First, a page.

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I have strings in the (date-time) format- "Mon, 11 Jul 2011 11:45:07 +08:00", I need to compare such strings based on the date-time format, for finding most recent string. Which module/method should i used here ?

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up vote 4 down vote accepted
use DateTime::Format::Strptime qw();

my $time_str = 'Mon, 11 Jul 2011 11:45:07 +08:00';
# your notation of time zone
# does not comply with relevant standards
$time_str    =~ s/([+-]\d\d):(\d\d) \z/$1$2/msx; # kill colon

my $parser   = DateTime::Format::Strptime->new(
    pattern  => '%a, %d %b %Y %T %z',
    locale   => 'en',   # 'Mon', 'Jul' are English
    on_error => 'croak',

my $datetime = $parser->parse_datetime($time_str);

# Now you have a DateTime object. To compare,
# use the overloaded relation operators.
# <=> operator/sort function works as well.

if ($datetime < $a_different_datetime) {
    say 'earlier';
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For PHP, the easiest way would be converting the time strings with strtotime() and comparing the integer values. Highest integer is the latest.

Note that some versions of PHP will warn you when using Date functions if you have not set your default timezone. You can do so with date_default_timezone_set("") or php.ini's date.timezone = "", with the list of supported timezones.

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-1 for speculative answer. Trying out on 5.3.5 bombs out with warning message It is not safe to rely on the system's timezone settings. […] etc. etc. There's more code needed to handle the time zone parsing, which you do not show. I don't think this is actually covered by the PHP standard library. – daxim Jul 11 '11 at 10:01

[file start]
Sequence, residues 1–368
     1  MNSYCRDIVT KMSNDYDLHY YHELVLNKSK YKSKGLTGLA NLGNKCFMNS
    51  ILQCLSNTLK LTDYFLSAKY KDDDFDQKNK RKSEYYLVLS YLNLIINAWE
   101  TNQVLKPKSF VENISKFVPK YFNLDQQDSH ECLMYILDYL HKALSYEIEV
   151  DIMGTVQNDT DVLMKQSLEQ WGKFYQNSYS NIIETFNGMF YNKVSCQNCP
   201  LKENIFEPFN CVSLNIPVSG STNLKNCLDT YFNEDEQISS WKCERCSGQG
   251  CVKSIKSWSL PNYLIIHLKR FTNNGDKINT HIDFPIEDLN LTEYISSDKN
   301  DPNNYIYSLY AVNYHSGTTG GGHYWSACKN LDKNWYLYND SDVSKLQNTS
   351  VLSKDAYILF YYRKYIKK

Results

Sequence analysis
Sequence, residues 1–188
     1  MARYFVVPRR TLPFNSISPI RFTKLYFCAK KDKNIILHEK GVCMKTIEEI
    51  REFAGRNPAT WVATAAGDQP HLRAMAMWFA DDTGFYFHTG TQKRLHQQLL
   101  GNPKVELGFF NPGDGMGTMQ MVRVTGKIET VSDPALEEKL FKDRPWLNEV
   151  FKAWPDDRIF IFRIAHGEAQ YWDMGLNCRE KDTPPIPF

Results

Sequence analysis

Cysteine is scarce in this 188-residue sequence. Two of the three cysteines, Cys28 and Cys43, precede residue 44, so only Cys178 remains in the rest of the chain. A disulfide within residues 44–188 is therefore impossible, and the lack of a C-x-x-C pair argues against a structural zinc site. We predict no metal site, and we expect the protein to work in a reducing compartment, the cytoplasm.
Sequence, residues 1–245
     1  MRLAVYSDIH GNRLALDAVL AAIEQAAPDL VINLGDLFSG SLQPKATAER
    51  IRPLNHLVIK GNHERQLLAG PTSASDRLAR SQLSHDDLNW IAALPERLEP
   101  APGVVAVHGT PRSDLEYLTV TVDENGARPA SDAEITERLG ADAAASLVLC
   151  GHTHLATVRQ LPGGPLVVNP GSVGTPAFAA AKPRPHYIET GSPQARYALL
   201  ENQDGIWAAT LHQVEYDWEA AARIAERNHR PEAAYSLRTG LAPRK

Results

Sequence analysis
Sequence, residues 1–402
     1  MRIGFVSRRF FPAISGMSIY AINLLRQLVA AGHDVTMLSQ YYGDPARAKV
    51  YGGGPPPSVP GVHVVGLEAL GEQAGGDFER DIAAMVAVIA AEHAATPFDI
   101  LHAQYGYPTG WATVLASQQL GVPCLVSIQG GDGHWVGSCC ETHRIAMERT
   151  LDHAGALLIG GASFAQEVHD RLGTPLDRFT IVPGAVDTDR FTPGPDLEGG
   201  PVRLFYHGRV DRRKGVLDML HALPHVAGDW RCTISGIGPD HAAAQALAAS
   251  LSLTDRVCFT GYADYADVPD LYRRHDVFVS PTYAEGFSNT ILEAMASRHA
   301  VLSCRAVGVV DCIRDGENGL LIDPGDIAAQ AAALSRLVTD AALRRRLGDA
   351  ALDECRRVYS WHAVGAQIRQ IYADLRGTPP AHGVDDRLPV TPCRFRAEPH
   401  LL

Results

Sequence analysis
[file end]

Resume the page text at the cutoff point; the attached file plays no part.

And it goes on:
That warning just explains that it's using the default timezone setting for its date conversions. That has little to do with the conversion in question, because the timezone is explicitly given in the string. Why would the system's timezone matter if you give it as input? I guess you'll have to ask your fabled PHP 5.3.5 that. My PHP likely has the setting configured as part of its configuration, like all proper PHP installs should. There's nothing speculative in my answer, except assuming people actually configure their PHP installs. – Naltharial Jul 11 '11 at 10:07
Alright, that nullifies my critique. Edit your answer so I can change my vote; perhaps add a code sample and change the conjunctive mode? – daxim Jul 11 '11 at 10:31

In PHP it's called strtotime()

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you can try strtotime() on the timestamp you have. then just compare the numbers using normal comparators.

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I use Date::Manip in Perl for this:

use Date::Manip;

my $datestr1 = "Mon, 11 Jul 2011 11:45:07 +08:00";
my $datestr2 = "Mon, 18 Jul 2011 11:45:07 +08:00";

my $date1 = new Date::Manip::Date;
my $date2 = $date1->new_date;

my $result = $date1->cmp($date2); # => -1, 0, 1

print $result, "\n";
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